Because I am ready to enter the next and FINAL phase of my cancer treatment. That’s right, I am not due back to the hospital at Emory Winship for any reason at all for the next 10 days, and when I do go back, I will have my bag packed and be checking in for the long 3 week visit to complete my bone marrow transplant. There is some irony here though. Exactly one year ago, I was feeling all giddy and excited because on August 26, 2009, I was scheduled to receive my FINAL dose of chemotherapy to treat my Hodgkins Lymphoma. I got that dose, I celebrated and I prepared to move on with a cancer free life. The cancer had different plans though, and came stomping back into my life a few months later. Now, here I am preparing to begin my next FINAL step in beating cancer on none other than August 26, 2010. Ironic, I know. A bit of a slap in the face from old Mr. Fate too.
For those of you who have not seen or talked to me recently, I have made huge steps in the past two weeks. In mid-July, I was still feeling pretty bad. Lots of fatigue, it was hard to breathe, dizziness, plumbing (gastro-intestinal) problems, and a list of other issues. Just a few weeks later, my energy is higher, I can walk up stairs without nearly collapsing, I eat anything I want to and don’t have any physical reminders of cancer right now…except for Dominic’s favorite game of telling me, “Daddy, you don’t have any hair!” So if you are wondering how I am doing, the answer right now and for the next 10 days is, I am feeling great.
So, what is next? On August 26, I will check in at Emory and have a catheter line placed in my chest. This is the same concept as an IV, except a little more permanent, and with a thicker line that is capable of handling more volume. The nurses will use it for drawing blood out for testing, and also for pumping in chemo, medication, stem cells, blood transfusions, extra fluids and possibly liquid nourishment if I cannot eat.
Later in that day I will start a 6 day regimen of high dose chemo that my doctor referred to today as, “…about the strongest stuff we have.” It is called BEAM. I am not going to get into what that means now. Maybe later when I am in the hospital.
A few lines up, I wrote that I don’t have any physical reminders of cancer right now. That is not entirely true. I am still a little overprotective of the upper right portion of my chest where I have a port and don’t want to get it squished. Much of my hair has fallen out, which is really not a problem at all because it makes shower time so much quicker, but it is still startling to see my head this way. But the physical reminders are not terribly strong. Now, this does not mean that I don’t think about the cancer. Now more than ever, I feel a connection to the disease and a responsibility to do something. I have become more involved in the larger community of young adult cancer survivors and connecting with survivors and their stories both across the country and right here in town has been a remarkably positive experience.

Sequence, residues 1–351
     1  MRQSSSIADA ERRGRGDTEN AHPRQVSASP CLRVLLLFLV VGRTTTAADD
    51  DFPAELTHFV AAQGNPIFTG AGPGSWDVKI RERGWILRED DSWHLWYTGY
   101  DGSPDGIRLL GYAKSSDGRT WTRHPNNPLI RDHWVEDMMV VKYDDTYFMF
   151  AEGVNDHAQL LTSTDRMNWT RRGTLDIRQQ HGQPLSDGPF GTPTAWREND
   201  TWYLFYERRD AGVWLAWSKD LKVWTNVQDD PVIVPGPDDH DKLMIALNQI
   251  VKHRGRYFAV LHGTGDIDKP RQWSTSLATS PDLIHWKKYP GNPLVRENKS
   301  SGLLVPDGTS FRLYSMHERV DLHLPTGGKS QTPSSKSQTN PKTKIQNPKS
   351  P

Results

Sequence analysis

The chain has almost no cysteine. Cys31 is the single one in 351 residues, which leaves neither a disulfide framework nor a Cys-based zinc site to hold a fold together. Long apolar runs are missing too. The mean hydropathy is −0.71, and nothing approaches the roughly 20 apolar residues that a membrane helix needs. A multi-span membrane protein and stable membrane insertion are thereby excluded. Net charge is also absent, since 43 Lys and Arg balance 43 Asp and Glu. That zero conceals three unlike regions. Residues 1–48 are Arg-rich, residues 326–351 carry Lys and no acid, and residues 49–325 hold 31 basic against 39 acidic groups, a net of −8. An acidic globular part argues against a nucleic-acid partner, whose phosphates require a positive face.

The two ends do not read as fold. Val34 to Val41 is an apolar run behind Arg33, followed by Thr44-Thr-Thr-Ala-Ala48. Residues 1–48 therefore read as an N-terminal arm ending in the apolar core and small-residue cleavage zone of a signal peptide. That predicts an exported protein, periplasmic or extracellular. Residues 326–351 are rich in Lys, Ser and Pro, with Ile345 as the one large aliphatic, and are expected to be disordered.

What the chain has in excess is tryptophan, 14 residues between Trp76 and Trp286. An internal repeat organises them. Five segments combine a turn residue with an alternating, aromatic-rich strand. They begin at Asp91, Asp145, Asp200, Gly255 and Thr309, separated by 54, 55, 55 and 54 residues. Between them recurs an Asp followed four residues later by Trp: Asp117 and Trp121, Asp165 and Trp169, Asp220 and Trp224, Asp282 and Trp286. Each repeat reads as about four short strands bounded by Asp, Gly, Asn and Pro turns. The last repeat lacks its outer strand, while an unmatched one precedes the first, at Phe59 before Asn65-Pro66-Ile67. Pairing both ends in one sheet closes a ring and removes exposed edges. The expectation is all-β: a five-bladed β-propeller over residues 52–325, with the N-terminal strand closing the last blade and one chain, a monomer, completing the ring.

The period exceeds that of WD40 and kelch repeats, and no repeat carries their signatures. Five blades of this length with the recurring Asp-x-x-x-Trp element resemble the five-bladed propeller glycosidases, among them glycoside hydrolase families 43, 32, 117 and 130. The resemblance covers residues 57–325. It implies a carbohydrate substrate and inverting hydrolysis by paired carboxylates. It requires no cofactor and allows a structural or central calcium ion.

Lance Armstrong’s book, It’s Not About the Bike, opened up many lines of thought for me. At one point in the story, way back in 1996 when he was also at the tail end of his treatment, his oncologist came to him and talked to him about what he called, “The Obligation of the Cured.” Lance took the idea seriously and started the Lance Armstrong Foundation which eventually led to the development of the Livestrong movement. Now, I don’t expect to go out and start a foundation after this, despite my entrepreneurial tendencies! But, I do know that I have to stay involved with the fight. Right now, I don’t have a crystal clear idea of what I want to do, but I can see two orbs, lighting the path of direction for me. One path involves getting social and emotional help directly to the patients. They have to have hope. I see so much fear, worry and anxiety among those being treated, and especially in their close family, that I want to do something to help them cope. I can’t say I want them to know it’s going to be alright, because this disease does not turn out alright for everyone. Many people fight courageously, and they die anyway. I will obviously leave the serious disease fighting to the doctors. But I want to help people feel as positive and fearless as they can during their fight so that their mind stays healthy no matter what.
The second path I can see is spreading awareness among the general public, especially the younger population about what cancer really is and what it means to be in a fight against it. I think people need to be more aware of what the disease really is. I feel like many people who have not been through it themselves or been right alongside someone who has dealt with cancer don’t realize what the effects are. I need to spend some more time thinking about this idea and formulating my thoughts.
To wrap this up, please know that all is good right now and I am really looking forward to getting started with the transplant. I have been living with this thing over my head and directly intertwined with every part of my life for nearly two years and I am now only 4 weeks away from what could very likely be the end of my cancer!